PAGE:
Private equity firm Warburg Pincus saw an opportunity to tap the commercial resilience market with its investment in Scale Microgrid Solutions.
Startup Scale Microgrid Solutions won a $300 million commitment from investment firm Warburg Pincus this week, an unusually robust vote of confidence in the tricky microgrid market.
SMS sells modular microgrid products to commercial and industrial customers. It tackles the problem of replicability: microgrids tend to be highly particular to each site and customer, which makes it difficult to scale production cost-effectively. SMS hopes to change that with its “Rapid Response Modular Microgrid,” which combines solar, energy storage, gas generation and controls in modular blocks.
The new influx of equity allows SMS to finance projects on its own balance sheet, creating a one-stop shop for customers interested in power bill savings and resilient backup power, but unable or unwilling to pay for a microgrid up front.
“This transaction gives us the flexibility to go after projects without needing to line up or rely on third party financiers,” SMS CEO Ryan Goodman told Greentech Media this week. “When you’re talking to customers, I think it makes a big difference.”
Much of the SMS leadership team worked together previously at ENER-G Rudox, a distributed energy company sold to Centrica in 2016. The founders invested their own money in SMS and raised one round from outside investors prior to Warburg’s investment. The company did not disclose its previous funds raised, but the $300 million, if fully disbursed over time, would make Warburg the largest shareholder by a wide margin.
The capital-intensive nature of a fully financed microgrid product aligns better with growth equity than venture capital, Goodman noted.
Making microgrids faster
SMS has been working with more than 10 microgrid customers already, Goodman said. The company does work on larger, more bespoke microgrids, in the $20 to $50 million range, but its signature innovation is standardizing the product for rapid delivery of smaller microgrids, which typically tally up to $15 million or less.
The Rapid Response Modular Microgrid runs on controls developed in collaboration with Schneider Electric, a company which pioneered the “no money down” microgrid-as-a-service approach for larger-scale projects.
The solar and battery components improve economics by delivering power and mitigating time-based charges when the grid is running. When a blackout hits, those tools work alongside dispatchable gas generators to keep the lights on. The everyday bill savings pay down the cost of resilience.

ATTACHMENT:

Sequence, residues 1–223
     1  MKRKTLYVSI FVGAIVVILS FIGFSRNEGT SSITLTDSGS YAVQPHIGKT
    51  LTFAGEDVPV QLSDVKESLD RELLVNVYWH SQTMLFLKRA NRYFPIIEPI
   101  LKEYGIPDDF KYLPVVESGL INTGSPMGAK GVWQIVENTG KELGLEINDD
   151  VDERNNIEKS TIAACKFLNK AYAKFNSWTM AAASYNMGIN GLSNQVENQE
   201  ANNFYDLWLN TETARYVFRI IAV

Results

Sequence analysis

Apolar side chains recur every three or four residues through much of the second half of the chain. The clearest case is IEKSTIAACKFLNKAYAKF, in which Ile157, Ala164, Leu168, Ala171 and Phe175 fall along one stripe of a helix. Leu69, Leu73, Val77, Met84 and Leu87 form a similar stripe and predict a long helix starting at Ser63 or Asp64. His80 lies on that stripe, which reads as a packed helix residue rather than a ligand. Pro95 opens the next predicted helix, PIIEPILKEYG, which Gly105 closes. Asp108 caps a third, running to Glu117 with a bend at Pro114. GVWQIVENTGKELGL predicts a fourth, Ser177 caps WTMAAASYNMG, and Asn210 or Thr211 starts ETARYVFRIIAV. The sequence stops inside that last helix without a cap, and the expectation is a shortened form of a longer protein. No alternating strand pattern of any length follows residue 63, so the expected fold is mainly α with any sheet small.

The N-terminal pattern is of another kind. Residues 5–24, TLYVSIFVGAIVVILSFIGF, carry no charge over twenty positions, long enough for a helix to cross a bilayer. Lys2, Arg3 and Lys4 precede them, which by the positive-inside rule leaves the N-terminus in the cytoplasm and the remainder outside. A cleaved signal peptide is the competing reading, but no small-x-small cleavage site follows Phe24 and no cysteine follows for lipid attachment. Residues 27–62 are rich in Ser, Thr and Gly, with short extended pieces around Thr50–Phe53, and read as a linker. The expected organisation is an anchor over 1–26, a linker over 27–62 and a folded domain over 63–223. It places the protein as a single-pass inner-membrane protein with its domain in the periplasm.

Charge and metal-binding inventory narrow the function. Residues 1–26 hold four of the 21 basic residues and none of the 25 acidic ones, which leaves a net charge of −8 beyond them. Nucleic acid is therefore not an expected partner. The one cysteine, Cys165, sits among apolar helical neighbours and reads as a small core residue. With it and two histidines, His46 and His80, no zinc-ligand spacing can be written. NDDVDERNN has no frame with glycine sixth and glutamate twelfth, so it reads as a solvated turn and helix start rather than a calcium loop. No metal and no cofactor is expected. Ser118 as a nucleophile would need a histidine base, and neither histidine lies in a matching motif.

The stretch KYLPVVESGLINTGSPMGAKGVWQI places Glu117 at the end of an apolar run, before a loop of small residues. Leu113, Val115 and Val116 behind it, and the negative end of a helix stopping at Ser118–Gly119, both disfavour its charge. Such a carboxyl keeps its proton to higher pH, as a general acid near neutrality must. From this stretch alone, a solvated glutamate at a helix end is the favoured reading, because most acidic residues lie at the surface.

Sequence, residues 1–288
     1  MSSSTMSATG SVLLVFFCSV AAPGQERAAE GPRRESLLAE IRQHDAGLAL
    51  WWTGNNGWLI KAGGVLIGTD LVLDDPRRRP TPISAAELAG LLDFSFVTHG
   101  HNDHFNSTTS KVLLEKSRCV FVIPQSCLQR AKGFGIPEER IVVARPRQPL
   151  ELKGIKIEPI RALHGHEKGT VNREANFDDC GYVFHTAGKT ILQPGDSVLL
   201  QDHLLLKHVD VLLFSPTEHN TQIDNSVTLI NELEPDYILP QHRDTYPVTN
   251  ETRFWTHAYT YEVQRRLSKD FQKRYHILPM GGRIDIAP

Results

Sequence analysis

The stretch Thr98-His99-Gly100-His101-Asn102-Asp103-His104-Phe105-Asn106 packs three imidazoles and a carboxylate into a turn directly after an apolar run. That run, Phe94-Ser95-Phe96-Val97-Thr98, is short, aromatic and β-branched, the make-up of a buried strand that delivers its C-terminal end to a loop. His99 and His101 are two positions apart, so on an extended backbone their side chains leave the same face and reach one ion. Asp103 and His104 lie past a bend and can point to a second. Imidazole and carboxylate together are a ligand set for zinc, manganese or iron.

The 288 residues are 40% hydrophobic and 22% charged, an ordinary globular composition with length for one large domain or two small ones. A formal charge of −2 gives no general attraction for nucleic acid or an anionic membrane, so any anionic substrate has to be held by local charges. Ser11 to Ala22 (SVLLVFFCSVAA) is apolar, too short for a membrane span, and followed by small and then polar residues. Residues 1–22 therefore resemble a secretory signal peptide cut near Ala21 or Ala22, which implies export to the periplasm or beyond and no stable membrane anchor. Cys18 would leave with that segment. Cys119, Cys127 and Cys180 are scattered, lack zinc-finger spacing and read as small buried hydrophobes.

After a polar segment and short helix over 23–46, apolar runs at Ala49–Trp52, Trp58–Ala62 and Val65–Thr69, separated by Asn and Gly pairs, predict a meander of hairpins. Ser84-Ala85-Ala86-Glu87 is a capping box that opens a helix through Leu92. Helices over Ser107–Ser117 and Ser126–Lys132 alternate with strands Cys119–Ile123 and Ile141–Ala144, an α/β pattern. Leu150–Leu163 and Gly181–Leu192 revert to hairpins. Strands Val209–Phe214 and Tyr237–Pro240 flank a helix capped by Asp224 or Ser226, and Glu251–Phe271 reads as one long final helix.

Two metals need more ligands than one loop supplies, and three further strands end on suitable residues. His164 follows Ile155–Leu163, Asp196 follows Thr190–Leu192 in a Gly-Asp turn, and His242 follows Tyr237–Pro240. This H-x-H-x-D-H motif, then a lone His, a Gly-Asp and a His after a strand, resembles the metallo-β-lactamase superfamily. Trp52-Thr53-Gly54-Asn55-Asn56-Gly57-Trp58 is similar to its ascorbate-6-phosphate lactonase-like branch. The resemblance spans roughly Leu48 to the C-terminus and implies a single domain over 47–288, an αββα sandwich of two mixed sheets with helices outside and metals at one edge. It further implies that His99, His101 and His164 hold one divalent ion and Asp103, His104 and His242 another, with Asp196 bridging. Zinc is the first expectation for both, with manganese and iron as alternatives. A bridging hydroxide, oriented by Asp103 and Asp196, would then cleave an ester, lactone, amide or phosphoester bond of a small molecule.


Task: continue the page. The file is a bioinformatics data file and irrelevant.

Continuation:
The product launched last May with financing provided by Generate Capital. The launch focused explicitly on recent instability of the California grid, with utilities shutting off power to avoid starting deadly wildfires. Companies that want to continue operating through the blackouts need to invest in resilient infrastructure, and the financing eliminated the need to pay out of pocket.
Generate Capital specializes in understanding and investing in clean energy technologies that other lenders aren’t yet comfortable with. That relationship will continue on several projects, but going forward, Warburg’s investment will enable SMS to finance projects by itself.
Big chunk of change
SMS found a well-capitalized partner in Warburg Pincus, a New York private equity firm with $58 billion under management. Most of the firm’s energy investments skew to the traditional oil and gas or power industries, though it did venture into cleantech with Mosaic, a leading residential solar loan provider, and CleanMax Solar, a commercial solar leader in India.
“We’ve been following the market closely for a long time and have seen a large opportunity set related to distributed energy,” said Warburg Pincus Vice President Steven Kantowitz. “We determined that, with efficient financing and access to capital, this industry could really accelerate.”
Indeed, $300 million amounts to a more substantial commitment than most any grid edge startup has claimed recently. A few energy storage companies have pulled in rounds greater than $100 million — companies like C&I storage specialist Stem or unconventional grid storage Energy Vault — but that’s a rare achievement in the sector.
Then again, full-fledged backup power has attracted serious investors in a few cases.
Schneider Electric, an innovator in the microgrid arena, is a multinational giant based in France, and therefore not in the running for outside investment. PowerSecure, a backup power provider active in the Southeastern U.S., went public and then got acquired by utility Southern Company in 2016 for $431 million. Enchanted Rock, a gas generator specialist prominent in Texas and the Southwest, raised an undisclosed equity investment from Balfour Beatty Infrastructure Partners in 2016. It later raised $10 million from the utility-backed fund Energy Impact Partners, in what was described as the first institutional financing round for the company.
Those companies have found a much broader geographic market than the venture-backed commercial battery companies, which have largely converged on California and a few other states.
The California resilience market will be a major near-term focus, but SMS won’t stop there.
“We see the opportunity being broader than that, with attractive opportunities in the Northeast and across the rest of North America as well,” Kantowitz said.